I am woman, so be prepared to take me as you find me or leave me as I am
Pressure to conform has numbed many women to their own needs
Once, on a date, a guy laughed out loud when I said: “Well, I am different!” He just cracked up, then said: “Oh dear, I swear, every girl I have met as an adult wants to be known to be different!”
I was 25 years old and strongly believed I was unlike the next girl. I felt unique, cultured and worlds apart from my peers, a rare breed of cultural finesse and intellectual brawn.
This was the first time I had met someone not moved by my sui generis brilliance, but I was so proud that I did not take my date’s negativity to heart. I felt he was just being bitter and simple.
And anyway, as long as I could compare and measure the heights of my standards from that of the ordinary girl, I was allowed to brag out loud that I was that special.
I have since refrained from the simplicity of announcing how different I am from other women. Over the years I have learnt that one’s character is clearer in their actions than in their announcements. The little wisdom I have accumulated has made me relook my little outbursts and repackage the way I explicate my nature.
See, there is absolutely nothing wrong with defining your own path and excusing yourself from whichever social norms you deem unworthy of your grace.
We all deflect certain necessities and refrain from some excess, no matter their allure. Nowadays, I carry on being my usual self, do what is in my nature to do and speak my mind. It is in those moments of just being that everybody realises that I am one of a kind!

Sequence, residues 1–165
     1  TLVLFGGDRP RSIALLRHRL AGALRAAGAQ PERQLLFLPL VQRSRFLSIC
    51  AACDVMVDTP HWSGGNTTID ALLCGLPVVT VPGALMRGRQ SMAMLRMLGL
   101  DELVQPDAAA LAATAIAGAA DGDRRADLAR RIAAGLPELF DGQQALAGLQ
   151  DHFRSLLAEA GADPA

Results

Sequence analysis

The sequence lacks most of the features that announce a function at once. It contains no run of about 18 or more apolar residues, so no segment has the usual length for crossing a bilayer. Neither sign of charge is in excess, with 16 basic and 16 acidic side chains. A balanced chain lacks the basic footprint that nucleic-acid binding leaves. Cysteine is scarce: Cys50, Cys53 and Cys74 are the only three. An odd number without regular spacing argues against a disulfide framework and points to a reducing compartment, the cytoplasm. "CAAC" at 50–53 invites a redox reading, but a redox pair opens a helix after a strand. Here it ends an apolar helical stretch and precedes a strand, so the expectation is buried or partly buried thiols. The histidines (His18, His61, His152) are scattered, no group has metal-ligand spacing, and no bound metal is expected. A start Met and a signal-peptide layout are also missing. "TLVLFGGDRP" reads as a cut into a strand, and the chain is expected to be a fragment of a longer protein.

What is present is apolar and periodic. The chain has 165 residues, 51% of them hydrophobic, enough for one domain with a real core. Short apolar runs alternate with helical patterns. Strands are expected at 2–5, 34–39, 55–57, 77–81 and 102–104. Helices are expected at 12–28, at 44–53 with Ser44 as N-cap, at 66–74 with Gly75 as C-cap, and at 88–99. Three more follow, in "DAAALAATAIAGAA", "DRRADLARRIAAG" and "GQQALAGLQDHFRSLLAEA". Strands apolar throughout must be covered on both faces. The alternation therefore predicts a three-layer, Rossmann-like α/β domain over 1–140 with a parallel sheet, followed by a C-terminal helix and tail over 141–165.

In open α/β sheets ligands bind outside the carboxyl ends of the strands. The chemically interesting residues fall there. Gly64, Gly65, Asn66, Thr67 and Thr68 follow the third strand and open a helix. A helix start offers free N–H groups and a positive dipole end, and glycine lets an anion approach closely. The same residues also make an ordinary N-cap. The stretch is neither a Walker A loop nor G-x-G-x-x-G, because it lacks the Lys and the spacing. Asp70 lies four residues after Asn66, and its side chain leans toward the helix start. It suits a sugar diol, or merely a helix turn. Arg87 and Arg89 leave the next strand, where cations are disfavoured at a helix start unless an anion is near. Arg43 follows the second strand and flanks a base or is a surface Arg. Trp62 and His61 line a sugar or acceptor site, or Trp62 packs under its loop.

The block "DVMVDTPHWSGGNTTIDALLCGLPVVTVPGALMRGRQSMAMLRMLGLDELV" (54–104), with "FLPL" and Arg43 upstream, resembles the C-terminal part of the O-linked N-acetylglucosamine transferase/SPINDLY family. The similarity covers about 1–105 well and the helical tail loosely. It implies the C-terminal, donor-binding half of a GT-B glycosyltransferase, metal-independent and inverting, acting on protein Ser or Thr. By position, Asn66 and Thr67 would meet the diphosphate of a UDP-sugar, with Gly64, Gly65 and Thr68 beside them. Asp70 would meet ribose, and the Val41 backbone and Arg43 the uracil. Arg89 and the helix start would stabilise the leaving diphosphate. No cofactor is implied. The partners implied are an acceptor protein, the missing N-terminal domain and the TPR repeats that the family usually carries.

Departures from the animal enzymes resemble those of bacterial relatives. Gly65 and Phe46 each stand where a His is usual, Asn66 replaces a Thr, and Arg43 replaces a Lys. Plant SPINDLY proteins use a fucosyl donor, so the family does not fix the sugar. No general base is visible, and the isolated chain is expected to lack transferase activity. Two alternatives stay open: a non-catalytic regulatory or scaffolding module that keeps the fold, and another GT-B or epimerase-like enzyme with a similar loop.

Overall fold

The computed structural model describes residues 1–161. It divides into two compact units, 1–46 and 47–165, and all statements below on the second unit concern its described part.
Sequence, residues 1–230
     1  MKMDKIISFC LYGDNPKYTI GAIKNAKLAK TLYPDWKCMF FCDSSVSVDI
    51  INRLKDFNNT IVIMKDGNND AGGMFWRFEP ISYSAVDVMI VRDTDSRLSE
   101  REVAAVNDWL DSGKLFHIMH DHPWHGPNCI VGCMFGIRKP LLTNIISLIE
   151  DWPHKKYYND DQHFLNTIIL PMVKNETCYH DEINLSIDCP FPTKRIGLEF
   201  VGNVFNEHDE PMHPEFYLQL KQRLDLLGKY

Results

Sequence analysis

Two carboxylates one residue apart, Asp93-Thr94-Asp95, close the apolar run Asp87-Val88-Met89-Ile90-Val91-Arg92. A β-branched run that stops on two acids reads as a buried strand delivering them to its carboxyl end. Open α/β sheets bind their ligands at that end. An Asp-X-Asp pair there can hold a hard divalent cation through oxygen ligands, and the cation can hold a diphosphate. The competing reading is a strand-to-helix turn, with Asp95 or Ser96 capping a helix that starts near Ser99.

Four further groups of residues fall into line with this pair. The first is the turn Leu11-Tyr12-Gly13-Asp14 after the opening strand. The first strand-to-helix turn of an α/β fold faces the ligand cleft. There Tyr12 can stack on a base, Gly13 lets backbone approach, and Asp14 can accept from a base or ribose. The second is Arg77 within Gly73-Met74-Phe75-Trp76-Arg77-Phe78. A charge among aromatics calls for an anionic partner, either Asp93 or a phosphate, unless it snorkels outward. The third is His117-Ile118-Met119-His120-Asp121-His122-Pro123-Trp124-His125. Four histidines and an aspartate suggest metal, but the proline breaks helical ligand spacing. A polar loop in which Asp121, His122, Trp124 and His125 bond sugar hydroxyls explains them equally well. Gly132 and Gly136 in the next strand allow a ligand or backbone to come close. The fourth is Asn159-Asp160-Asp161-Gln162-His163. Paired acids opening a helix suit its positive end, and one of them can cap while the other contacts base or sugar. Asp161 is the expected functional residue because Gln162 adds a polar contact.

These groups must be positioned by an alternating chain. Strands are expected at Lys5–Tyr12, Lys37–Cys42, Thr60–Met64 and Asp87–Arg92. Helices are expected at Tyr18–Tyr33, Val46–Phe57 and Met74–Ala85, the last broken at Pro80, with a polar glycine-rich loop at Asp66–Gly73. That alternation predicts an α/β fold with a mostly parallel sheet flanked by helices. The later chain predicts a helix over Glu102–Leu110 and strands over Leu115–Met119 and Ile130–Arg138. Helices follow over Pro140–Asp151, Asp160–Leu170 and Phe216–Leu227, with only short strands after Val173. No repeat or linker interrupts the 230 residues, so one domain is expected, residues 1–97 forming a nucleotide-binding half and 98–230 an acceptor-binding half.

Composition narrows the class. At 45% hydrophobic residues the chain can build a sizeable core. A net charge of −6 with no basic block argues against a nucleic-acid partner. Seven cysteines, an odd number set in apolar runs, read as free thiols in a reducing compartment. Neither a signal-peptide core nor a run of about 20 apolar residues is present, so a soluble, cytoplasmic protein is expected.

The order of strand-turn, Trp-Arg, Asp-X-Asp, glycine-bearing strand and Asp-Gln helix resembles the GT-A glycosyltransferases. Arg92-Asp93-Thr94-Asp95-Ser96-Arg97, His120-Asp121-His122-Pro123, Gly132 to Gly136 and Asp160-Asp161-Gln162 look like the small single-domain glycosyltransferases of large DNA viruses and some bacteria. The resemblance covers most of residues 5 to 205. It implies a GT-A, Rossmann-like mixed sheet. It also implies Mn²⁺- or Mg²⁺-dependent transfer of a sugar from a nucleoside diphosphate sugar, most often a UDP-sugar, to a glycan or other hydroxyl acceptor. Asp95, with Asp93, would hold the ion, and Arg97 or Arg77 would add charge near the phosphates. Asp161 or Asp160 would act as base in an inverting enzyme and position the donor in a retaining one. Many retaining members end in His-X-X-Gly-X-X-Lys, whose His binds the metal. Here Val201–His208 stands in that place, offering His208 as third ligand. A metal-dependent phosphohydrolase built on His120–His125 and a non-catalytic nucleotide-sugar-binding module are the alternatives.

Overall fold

It eventually occurred to me that perhaps people were misunderstanding what I meant when I said I was different. It seems society has a carved model for female behavioural patterns that we are all duly expected to resemble. A slight diversion is always met with disdain. This is the very reason most women find themselves in an existential crisis, unable to pinpoint what is wrong with themselves and why.
Pressured to align with the norm and embrace uniformity, we are numbed into accepting that anything outside the definitions enforced by our parents, peers and neighbours and partners is a raw defiance of our very nature, and thus unacceptable.
I have ceased to apologise for sitting with my legs parted and speaking the loudest in the room. I am not intimidated by competition from men. I will shave my head and bite my nails and strut my stuff on stilettos.
I care not what pleases others if I myself am not pleased. I define my own strengths, and my character is not dependent on my gender.
I do not stutter when articulating what I want, even when it may be not what I need. I flaunt my strengths. I fart at will and fight when needs be.
I free my breasts to swing to the beat of my heart and choose my lovers according to my own parsimonious criteria. If I never marry it would not be a tragedy. And when things crumble, I am not ashamed to cry!
Mine was not to claim that I was better or mightier. I had only sought to warn them not to expect the usual.
I meant to say: “Don’t be surprised when I do not give you that which is expected of a woman, the ways it is expected of a woman, for reasons a woman is expected to!”
‘‘ I do not stutter when articulating what I want. I fight when needs be
Social space is opening up to women to express their own true natures, even if it means, as the writer asserts, shaving their heads, biting their nails, or even farting when they feel like it.